Comcast’s entertainment unit NBCUniversal reported lower second-quarter revenue and earnings as the novel coronavirus pandemic hit TV advertising revenue and led to a loss at its theme parks unit. Its film, cable TV and broadcast TV units posted higher earnings, though, thanks to lower operating costs amid the pandemic.
Comcast had previously said that NBCU’s results “will be negatively impacted to a greater extent in the second quarter” than in the first.
NBCUniversal reported adjusted earnings before interest, taxes, depreciation and amortization, the profitability metric the company uses, of $1.64 billion for the three months ended June 30, down 29.5 percent from the year-ago period.
Adjusted EBITDA for the period rose in the film division even though cinemas were closed in most major markets around the world due to the virus crisis, and also percent in the cable networks, where ad revenue fell 27 percent, and the broadcast TV unit, where ad revenue fell 28 percent due to the pandemic. The theme parks unit swung to a loss, because of the park closures due to the pandemic.
“Our response to COVID-19 has been extraordinarily fast and effective, and our products and brands continue to resonate strongly with our customers across all segments and all geographies,” said Comcast chairman and CEO Brian Roberts. “The solid results that we delivered in the quarter highlight the resilience of our company.”
Comcast’s core cable systems continued to lose pay TV subscribers, but delivered what Roberts noted were “record second-quarter customer relationship net adds, driven by the best second-quarter high-speed internet net adds in 13 years.” The firm’s high-speed internet service posted net customer additions of 323,000 for the latest period, which does not include more than 600,000 high-risk or free customers that still receive the service amid pandemic schemes. Comcast’s pay TV customer losses amounted to 477,000, compared with a loss of 224,000 in the same period of 2019.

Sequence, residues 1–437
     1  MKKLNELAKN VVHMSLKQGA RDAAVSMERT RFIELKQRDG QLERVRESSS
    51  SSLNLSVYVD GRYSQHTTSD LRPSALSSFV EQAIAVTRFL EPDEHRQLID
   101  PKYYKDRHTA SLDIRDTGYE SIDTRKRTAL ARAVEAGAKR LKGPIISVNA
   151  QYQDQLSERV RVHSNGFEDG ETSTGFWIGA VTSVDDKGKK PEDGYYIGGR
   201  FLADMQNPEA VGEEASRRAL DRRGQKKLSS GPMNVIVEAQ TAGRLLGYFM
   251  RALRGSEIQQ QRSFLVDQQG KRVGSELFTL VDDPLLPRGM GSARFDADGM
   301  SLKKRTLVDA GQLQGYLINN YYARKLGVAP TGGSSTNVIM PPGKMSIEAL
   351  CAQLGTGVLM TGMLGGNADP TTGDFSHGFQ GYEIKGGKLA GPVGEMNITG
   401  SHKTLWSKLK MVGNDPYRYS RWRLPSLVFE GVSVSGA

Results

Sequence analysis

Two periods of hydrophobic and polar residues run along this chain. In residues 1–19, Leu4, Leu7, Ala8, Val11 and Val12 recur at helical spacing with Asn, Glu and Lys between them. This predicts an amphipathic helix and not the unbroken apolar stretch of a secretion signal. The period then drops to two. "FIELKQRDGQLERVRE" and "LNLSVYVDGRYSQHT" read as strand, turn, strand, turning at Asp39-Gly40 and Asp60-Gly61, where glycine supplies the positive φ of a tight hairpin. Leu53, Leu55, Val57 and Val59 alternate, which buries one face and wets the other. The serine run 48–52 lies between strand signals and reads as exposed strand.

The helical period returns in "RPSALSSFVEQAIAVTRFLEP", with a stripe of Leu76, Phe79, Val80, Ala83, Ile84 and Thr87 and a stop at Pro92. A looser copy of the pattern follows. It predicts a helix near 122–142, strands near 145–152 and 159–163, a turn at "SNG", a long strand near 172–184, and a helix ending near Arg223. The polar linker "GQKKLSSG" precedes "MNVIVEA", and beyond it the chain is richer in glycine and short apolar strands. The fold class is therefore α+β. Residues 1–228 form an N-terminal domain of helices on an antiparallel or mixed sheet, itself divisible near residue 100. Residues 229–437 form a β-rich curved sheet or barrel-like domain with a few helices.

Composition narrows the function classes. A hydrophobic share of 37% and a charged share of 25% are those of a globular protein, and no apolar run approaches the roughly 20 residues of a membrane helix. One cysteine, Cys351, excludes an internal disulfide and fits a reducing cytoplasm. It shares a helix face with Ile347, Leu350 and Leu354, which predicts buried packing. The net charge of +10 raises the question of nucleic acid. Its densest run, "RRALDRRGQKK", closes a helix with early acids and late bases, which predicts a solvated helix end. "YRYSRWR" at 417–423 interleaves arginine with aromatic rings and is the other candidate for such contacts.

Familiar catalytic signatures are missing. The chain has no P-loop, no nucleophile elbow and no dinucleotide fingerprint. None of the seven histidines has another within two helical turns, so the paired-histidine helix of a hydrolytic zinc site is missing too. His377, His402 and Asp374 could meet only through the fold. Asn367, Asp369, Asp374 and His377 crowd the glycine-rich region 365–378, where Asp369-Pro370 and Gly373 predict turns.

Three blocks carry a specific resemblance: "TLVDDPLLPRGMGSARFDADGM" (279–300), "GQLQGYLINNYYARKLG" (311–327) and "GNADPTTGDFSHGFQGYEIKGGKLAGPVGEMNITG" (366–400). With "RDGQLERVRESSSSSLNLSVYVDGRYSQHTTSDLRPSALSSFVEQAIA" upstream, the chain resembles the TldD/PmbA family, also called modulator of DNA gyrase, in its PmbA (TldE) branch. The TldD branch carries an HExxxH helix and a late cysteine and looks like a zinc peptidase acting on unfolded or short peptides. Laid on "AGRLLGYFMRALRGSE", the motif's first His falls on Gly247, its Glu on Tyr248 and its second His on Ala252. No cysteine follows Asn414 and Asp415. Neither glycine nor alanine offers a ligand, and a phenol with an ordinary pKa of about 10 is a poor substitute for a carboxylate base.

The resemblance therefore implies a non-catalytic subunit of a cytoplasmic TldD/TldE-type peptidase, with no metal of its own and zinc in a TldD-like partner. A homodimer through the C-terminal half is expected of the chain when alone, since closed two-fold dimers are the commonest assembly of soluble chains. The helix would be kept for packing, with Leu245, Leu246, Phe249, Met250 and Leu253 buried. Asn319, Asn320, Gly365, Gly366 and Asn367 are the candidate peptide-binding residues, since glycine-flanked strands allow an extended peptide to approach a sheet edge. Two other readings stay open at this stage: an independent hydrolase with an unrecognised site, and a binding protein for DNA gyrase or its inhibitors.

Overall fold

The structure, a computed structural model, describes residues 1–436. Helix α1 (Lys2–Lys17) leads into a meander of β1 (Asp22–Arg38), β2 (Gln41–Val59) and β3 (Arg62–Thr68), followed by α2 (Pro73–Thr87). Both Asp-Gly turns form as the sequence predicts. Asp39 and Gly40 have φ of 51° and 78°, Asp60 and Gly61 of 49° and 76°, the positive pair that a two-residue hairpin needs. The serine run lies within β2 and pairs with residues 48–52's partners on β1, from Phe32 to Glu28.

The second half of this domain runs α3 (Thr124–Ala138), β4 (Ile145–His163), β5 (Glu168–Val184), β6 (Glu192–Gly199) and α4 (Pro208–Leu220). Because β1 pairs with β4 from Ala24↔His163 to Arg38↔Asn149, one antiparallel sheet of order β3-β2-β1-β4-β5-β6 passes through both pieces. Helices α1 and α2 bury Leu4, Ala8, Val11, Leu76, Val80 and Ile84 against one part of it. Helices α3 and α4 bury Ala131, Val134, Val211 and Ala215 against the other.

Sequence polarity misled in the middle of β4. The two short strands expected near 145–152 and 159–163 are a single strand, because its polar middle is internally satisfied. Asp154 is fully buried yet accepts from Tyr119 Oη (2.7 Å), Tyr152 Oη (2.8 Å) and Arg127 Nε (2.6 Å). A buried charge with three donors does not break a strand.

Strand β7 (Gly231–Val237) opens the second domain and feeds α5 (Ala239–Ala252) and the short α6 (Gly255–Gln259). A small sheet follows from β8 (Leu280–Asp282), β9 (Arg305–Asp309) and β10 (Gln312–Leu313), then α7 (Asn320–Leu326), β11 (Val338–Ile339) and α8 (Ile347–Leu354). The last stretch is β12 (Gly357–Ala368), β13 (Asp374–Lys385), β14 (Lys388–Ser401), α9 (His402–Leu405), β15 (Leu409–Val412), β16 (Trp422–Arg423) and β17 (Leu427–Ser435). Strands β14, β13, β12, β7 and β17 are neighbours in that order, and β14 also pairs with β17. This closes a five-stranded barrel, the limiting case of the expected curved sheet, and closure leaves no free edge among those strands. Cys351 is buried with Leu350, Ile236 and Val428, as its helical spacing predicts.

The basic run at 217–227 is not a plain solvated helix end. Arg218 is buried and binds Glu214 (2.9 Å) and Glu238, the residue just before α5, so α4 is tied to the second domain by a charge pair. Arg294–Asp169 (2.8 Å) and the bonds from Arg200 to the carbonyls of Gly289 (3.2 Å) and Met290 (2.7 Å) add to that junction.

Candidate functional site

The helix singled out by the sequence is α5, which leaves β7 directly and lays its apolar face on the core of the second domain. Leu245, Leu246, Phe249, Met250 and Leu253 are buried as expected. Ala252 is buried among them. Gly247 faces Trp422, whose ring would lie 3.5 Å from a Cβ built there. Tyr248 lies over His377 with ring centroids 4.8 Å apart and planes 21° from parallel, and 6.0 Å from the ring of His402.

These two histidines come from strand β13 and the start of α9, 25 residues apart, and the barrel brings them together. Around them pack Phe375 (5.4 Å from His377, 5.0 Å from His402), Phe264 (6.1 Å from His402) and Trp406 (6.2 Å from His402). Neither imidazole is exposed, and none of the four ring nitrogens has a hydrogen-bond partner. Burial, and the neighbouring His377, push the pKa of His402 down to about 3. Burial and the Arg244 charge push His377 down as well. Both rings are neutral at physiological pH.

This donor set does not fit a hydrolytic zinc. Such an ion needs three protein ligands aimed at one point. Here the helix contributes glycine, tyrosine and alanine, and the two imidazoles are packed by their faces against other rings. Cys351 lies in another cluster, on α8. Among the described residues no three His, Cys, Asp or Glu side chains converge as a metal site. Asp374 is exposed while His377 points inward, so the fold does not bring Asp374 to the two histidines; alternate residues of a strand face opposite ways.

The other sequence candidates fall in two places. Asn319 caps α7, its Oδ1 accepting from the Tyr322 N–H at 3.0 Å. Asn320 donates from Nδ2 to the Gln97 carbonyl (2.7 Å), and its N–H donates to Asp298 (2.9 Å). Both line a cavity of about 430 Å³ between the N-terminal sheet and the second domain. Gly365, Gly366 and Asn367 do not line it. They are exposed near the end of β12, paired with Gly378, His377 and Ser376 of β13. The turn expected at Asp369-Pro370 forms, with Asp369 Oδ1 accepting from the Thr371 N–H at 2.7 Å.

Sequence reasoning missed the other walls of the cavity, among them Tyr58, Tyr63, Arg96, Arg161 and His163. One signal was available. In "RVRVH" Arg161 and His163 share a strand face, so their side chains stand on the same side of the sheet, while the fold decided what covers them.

Addressing Comcast’s European pay TV unit, Roberts said: “At Sky, our flexible strategy helped retain customers until key sports returned in May and June. Overall, based on our results and the many organic growth opportunities that we have across our company, I am confident in our ability to continue to successfully navigate the impact of COVID-19, and emerge from the crisis even stronger.”
Comcast CFO Mike Cavanagh had during the first-quarter earnings conference call shared some insight into how the second-quarter results would be impacted by the pandemic. “We anticipate [broadcast and cable] advertising revenue will materially weaken from the first quarter due to the continued postponement of sports, as well as the shape of the economic recovery as it reopens from COVID-19 shutdowns,” he said back then. “Somewhat offsetting the advertising declines in the second quarter will be lower sports rights amortization given we amortize those rights during the period in which games air.”
Broadcast TV revenue ended up falling 1.6 percent to $2.4 billion in the second quarter, “reflecting lower advertising revenue, partially offset by higher content licensing revenue and distribution and other revenue.” Ad revenue decreased 27.9 percent “due to reduced spending from advertisers as a result of COVID-19, including from the postponement or cancellation of sporting events, and continued ratings declines.” Content licensing revenue jumped 58.5 percent, “primarily due to the timing of content provided under licensing agreements, including transactions with Peacock. Adjusted EBITDA in the broadcast unit rose 20 percent to $641 million as lower revenue was “more than offset by lower operating costs.”